Pakistanis deserve better. It is imperative for an elected government to strive to enable people to live lives free from want, fear and indignity. Securing the next International Monetary Fund (IMF) tranche and striving for another longer, larger programme is important.

However, history unequivocally demonstrates that a government’s success hinges on recognising its citizens as the purpose and agents of development. Prime Minister Shahbaz Sharif’s government and his economic team, led by Finance Minister Aurangzeb Khan, need to clarify the vision of the ruling coalition in this regard.

The targets of a five-year economic revival plan — currently in development — encompass reducing poverty, creating jobs and improving revenue generation. However, the precise strategy for achieving these objectives remains to be seen, particularly for a resource-starved coalition government pursuing stabilisation policies under the close watch of the IMF.

Historically, stabilisation policies have entailed economic hardships, which the people of Pakistan have repeatedly borne with the promise of future gains. Unfortunately, they have not always been able to partake equitably in the benefits of subsequent economic growth spurts. This dynamic partially explains the unpopularity and abrupt exit of past regimes despite the higher average growth rates recorded during their tenures.

The government’s wellbeing depends on prioritising and protecting its people grappling with falling family incomes and rising living costs

During his first week in office, Finance Minister Aurangzeb Khan shared his insights and economic priorities through interviews and media interactions covering various issues. Expressing confidence in the prime minister’s leadership, he pledged to continue the ‘commendable’ work initiated by caretaker finance minister Dr Shamshad Akhtar.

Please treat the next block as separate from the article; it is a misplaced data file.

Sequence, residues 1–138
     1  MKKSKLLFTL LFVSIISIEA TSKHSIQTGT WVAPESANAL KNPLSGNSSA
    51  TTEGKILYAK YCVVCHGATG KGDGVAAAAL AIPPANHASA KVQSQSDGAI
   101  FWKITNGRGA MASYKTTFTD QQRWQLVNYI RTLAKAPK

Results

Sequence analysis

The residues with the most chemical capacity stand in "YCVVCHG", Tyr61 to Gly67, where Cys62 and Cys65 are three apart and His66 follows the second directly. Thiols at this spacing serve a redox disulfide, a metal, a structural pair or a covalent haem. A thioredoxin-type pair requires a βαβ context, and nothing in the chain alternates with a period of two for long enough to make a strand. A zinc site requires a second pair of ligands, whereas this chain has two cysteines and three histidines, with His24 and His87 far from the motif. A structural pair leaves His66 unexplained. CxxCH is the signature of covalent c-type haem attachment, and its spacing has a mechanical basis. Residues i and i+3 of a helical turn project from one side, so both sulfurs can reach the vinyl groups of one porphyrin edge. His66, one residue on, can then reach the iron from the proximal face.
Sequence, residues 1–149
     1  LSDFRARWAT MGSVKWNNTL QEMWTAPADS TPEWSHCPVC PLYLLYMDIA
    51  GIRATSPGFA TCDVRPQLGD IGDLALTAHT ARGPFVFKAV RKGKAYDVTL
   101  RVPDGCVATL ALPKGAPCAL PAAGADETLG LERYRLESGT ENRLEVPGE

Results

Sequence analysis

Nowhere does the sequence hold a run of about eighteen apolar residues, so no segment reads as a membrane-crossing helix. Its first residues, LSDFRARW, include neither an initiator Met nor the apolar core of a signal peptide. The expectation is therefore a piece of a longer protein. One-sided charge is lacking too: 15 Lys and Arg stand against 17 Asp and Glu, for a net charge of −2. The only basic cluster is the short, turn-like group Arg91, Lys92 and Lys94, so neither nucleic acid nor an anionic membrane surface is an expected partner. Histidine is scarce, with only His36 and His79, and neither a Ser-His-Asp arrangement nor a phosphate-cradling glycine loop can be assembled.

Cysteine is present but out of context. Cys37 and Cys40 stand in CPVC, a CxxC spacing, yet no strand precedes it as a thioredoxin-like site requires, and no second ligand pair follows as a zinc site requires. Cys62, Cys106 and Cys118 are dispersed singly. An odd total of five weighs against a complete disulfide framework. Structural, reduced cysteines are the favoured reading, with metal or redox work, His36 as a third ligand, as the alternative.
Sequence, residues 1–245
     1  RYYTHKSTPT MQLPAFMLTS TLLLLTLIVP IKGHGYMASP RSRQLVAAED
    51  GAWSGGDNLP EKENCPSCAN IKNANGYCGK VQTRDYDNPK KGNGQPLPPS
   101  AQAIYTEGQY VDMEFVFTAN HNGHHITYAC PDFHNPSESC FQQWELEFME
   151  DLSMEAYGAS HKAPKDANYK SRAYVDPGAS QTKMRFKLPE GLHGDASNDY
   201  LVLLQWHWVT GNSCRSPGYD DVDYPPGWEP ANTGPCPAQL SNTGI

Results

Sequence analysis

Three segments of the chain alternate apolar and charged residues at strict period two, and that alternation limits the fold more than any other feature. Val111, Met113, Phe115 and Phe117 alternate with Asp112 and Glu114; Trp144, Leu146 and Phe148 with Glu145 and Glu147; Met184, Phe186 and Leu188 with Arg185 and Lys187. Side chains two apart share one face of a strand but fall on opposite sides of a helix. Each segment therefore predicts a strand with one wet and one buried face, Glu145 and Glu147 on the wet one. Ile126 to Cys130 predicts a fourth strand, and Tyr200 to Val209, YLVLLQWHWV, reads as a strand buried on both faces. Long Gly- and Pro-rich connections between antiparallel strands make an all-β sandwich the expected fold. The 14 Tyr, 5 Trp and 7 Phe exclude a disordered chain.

Mr Khan highlighted the improvement in key economic indicators during the first quarter of the current fiscal year, attributing it to Dr Akhtar’s strict adherence to stabilisation policies. He emphasised that these measures have bolstered Pakistan’s position, enabling successful engagement with the IMF to conclude the review and secure the release of the last $1.1 billion tranche of the nine-month Stand By Arrangement.

He was hopeful that the successful completion of the current programme would pave the way for negotiations for a larger, longer programme during the IMF and World Bank’s meetings in Washington in April. Emphasising the importance of stabilisation policies, he referred to them as the ‘Pakistan programme’ for which he vowed to seek the IMF’s backing.

He mentioned plans for the digitisation of the Federal Board of Revenue to curb leakages, expand the tax base by roping in untaxed and undertaxed segments, committed to curtailing public expenditure by scaling back Public Sector Development Plan (PSDP), and propose involving the private sector in public works through adoption of the successful public-private partnership model used in Sindh.

Rather than seeking loans from friendly nations, he aimed to persuade them to invest directly in the country. He commended the efforts of the Special Investment Facilitation Council and envisioned its pivotal role in mobilising local and foreign investment.